Located opposite to the KR Hospital, it was originally started by the Maharaja of Mysore Krishnaraja Wodeyar IV in 1906 as the Chamarajendra Technical Institute. The foundation stone of this building, dedicated to Maharaja Chamarajendra Wodeyar, was laid by George V of the United Kingdom. It was built at a cost of Rs. 2.5 lakhs, and completed in 1913. It is an eloborately composed structure which runs along the road. It has a rectangular facade, which is composed of pedimented dormers and gables.
The institute is located close to the city's railway station, on Sayyaji Rao Road, which is currently a busy road with several commercial establishments. Now known as the Chamarajendra Academy of Visual Arts (CAVA), this academy is affiliated to the University of Mysore, and offers courses in drawing, painting, sculpture, graphics, applied arts, photography and photo-journalism and art history. CAVA awards degrees in Bachelor of Fine Arts (BFA) and Master of Fine Arts (MFA).
CAVA offers a five year course in several different disciplines leading to a BFA degree. The disciplines include painting, graphics, sculpture, applied art, photography and photo-journalism and history of art. Commencing from the academic year 2002-03, CAVA offers post-graduate MFA courses in painting, graphics and sculpture. Admission to the post-graduate courses is based on an eligibility test, and only those who have completed a BFA are eligible to take the test. CAVA organizes tours, seminars, and exhibitions of works executed by its students and leading artists. Student art works are also exhibitted during Dasara festivities.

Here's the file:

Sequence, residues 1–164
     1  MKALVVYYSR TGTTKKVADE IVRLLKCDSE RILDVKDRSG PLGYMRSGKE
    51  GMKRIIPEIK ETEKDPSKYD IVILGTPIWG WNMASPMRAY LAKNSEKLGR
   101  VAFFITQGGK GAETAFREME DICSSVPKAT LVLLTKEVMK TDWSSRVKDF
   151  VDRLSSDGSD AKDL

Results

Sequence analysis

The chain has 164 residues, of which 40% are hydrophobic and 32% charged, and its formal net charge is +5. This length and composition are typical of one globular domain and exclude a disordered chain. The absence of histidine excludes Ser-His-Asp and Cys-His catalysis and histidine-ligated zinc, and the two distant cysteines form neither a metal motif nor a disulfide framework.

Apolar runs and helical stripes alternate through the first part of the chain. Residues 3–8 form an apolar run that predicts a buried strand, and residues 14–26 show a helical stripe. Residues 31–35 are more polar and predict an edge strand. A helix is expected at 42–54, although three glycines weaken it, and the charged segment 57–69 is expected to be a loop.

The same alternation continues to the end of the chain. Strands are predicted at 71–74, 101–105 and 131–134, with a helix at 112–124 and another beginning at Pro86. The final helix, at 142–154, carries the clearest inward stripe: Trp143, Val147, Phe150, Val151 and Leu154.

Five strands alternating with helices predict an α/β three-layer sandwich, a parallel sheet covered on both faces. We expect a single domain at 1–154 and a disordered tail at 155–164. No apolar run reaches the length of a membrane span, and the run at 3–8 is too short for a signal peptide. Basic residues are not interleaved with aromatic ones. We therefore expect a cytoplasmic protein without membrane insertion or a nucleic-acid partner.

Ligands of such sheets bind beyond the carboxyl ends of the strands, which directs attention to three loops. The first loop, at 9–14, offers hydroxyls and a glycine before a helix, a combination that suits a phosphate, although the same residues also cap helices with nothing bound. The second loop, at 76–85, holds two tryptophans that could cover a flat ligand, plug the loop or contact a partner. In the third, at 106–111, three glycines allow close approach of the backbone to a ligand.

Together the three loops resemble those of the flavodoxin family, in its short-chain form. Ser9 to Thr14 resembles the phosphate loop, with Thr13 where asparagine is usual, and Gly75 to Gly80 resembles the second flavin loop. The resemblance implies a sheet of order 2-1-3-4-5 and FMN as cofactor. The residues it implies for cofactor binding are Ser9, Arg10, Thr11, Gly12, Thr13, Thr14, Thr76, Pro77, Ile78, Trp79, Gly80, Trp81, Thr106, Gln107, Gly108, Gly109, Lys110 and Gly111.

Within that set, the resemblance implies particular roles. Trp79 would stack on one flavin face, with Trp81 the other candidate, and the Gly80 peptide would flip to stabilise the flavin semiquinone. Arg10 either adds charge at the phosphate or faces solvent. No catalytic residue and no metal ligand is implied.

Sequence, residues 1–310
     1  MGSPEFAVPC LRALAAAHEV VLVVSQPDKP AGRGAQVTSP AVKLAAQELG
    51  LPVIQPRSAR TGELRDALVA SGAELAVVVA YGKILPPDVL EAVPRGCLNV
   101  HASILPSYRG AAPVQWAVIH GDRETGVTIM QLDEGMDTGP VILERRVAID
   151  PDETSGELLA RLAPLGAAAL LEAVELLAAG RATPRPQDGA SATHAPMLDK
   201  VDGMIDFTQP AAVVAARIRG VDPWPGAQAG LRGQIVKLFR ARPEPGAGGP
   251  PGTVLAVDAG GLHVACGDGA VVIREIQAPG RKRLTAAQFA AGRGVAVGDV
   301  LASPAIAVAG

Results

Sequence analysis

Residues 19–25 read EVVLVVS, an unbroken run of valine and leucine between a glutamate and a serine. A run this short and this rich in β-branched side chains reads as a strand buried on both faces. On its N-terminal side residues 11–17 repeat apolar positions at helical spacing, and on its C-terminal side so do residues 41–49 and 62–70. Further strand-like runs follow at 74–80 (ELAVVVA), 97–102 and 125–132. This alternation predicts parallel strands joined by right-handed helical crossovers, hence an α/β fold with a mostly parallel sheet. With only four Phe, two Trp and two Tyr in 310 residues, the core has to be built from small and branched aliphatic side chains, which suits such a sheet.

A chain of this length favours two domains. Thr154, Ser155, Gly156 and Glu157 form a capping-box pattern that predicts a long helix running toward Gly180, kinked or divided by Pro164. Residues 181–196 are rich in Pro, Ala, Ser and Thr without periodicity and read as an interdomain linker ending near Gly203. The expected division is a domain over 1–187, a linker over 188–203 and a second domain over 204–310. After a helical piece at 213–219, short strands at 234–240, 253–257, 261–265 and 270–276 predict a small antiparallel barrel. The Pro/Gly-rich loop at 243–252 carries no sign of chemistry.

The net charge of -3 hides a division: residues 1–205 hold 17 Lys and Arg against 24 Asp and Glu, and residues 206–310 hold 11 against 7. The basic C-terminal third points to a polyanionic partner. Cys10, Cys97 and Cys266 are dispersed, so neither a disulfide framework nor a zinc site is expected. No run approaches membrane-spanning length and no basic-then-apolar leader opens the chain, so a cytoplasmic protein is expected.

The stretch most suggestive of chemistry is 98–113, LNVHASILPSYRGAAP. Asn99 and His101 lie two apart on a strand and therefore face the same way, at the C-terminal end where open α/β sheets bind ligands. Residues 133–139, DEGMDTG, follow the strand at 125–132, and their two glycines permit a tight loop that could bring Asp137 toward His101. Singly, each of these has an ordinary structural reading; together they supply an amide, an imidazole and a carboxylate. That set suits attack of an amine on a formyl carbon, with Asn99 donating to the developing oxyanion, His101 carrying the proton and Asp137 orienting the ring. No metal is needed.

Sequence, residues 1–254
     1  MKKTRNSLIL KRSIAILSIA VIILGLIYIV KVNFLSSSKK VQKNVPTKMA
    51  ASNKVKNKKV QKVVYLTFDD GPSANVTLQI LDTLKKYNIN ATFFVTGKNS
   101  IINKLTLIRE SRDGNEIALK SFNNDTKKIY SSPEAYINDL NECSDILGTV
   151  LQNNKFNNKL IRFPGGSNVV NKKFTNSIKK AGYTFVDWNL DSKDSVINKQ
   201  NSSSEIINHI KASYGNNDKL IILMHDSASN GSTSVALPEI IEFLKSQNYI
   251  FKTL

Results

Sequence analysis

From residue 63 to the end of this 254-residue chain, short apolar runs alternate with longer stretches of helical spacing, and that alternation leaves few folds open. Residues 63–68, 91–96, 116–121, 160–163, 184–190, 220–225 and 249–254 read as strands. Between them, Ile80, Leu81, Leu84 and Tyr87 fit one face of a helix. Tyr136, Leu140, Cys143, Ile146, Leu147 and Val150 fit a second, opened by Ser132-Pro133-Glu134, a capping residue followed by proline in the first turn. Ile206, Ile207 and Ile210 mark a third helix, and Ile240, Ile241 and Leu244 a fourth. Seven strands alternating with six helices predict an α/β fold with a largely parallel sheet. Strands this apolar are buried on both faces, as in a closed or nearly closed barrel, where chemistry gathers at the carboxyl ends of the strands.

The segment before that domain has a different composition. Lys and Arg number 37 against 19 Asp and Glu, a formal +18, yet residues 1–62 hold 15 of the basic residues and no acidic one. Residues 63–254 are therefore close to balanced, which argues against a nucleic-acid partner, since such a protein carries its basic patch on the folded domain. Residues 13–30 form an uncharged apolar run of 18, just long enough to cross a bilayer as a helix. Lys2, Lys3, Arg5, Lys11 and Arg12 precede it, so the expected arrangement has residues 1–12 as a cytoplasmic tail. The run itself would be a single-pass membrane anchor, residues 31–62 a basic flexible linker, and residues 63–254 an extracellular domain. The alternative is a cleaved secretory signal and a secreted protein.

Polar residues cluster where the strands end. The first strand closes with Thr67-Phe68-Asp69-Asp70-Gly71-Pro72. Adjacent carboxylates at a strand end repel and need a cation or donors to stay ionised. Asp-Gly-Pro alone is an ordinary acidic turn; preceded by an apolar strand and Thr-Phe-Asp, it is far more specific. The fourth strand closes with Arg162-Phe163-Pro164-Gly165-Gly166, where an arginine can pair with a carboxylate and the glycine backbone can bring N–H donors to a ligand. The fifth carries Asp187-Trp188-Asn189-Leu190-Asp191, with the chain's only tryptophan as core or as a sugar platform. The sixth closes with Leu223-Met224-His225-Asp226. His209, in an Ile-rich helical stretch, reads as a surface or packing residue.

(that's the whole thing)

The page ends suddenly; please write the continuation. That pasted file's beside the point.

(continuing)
The Chamarajendra Technical Institute building complex is vast. It is considered to be one of the heritage buildings of Mysore, possessing neoclassical features. It shows the period architecture that evolved in Mysore under the patronage of the erstwhile Wodeyar dynasty. Today it houses the Mysore Central Library, Chamarajendra Academy for Visual Arts (CAVA) and the Kitchen Stable in Mounted Horse Company. The Chamarajendra Technical Institute building is also colocated with the Cauvery Arts & Crafts Emporium, which is an all the year exhibition of local handicrafts available for purchase. By end of 2005, the walls of these buildings had deteriorated and had developed cracks. In April 2006, The City Development Plan for Mysore, under Jawaharlal Nehru National Urban Renewal Mission (JNNURM), Annexure 5, estimated Rs 160 lakhs for its cost of repair.
A unique art tradition on wood inlay is preserved at CAVA. The craft was slowly starting to fade away by the start of the century. However, in 1913, the art form had a revival when Alderson, the then superintendent of the Chamarajendra Technical Institute experimented with introducing ivory in wood inlay works. Later a noted sculptor and wood-carver, Parameshwara, introduced mythological and Persian motifs.